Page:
In last week’s episode, we met several truly remarkable caterpillars, larvae of swallowtail and brush footed butterflies, that have evolved the clever defense of looking like bird droppings to fool the searching eyes of hungry predators. This week we travel the muddy banks and floodplains of the mighty Potomac River to visit the gorgeous zebra swallowtail butterfly and its larvae that employ a survival strategy different from the bird-dropping-mimics we met last week.
Along the banks of the Potomac and other tributaries of the Chesapeake grow small forests of beautiful native pawpaw trees. A walk amongst these winsome understory trees sets one to wondering why their luxuriant green leaves go virtually unmolested by leaf-eating insects and vertebrates during the growing season. Even rapacious white-tailed deer shun these plants. Pawpaw has evolved a clever defense, a noxious group of chemicals called annonaceous acetogenins. These bioactive compounds, found in both leaves and bark, likely make them unpalatable to a diverse array of hungry herbivores. In addition to nasty metabolic effects, acetogenins are known to produce a potent emetic response in vertebrates. Ah, but herbivorous insects often discover ways to deal with defenses thrown at them by plants. In previous episodes we learned how monarch caterpillars turned the tables on milkweeds and used defensive compounds produced by milkweeds for their own defense against predators. A similar story holds for the zebra swallowtail butterfly. Sophisticated chemical analysis revealed that zebra swallowtail caterpillars and adult butterflies contained annonaceous acetogenins similar to those found in pawpaws. Scientists believe that these compounds originate in the leaves of pawpaw, are stored in the tissues of caterpillars as they eat leaves, and are passed along to the adult butterfly. The presence of acetogenins likely helps protect both the beautiful butterflies and their larvae from the beaks and teeth of hungry predators.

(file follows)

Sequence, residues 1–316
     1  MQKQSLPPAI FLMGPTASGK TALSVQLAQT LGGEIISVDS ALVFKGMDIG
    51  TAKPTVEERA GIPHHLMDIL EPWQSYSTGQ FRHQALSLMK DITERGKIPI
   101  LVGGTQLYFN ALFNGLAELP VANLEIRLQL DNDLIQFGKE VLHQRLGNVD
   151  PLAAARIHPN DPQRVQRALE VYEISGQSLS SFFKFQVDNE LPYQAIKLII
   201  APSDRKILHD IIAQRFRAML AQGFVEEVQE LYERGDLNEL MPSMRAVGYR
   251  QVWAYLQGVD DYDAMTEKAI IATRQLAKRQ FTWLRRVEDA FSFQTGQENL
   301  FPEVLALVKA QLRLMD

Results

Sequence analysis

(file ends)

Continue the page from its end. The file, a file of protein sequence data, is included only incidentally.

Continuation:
Along the banks of the mighty Potomac, zebra swallowtails “mudpuddle” to obtain sodium and other minerals necessary for life. Watch as the zebra probes the soil with her proboscis. Caterpillars of the zebra swallowtail are elusive. After searching hundreds of pawpaws, I finally discovered an almost fully developed larva taking a stroll along a pawpaw branch.
During the next month or so, find a moment for a walk along the Potomac or other nearby rivers where pawpaws grow. Soon the delicious fruits of the pawpaw tree will be ripe. Be sure to keep an eye open for zebra swallowtails and spend a few moments searching pawpaw leaves for magnificent zebra caterpillars.
“Chemical Defense in the Zebra Swallowtail Butterfly, Eurytides marcellus, Involving Annonaceous Acetogenins” by John M. Martin, Stephen R. Madigosky, Zhe-ming Gu, Dawei Zhou, Jinn Wu, and Jerry L. McLaughlin, and “Common name: zebra swallowtail, scientific name: Protographium marcellus (Cramer) (Insecta: Lepidoptera: Papilionidae)” by Jerry F. Butler and Donald W. Hall were consulted in preparation of this episode.
This post appeared first on Bug of the Week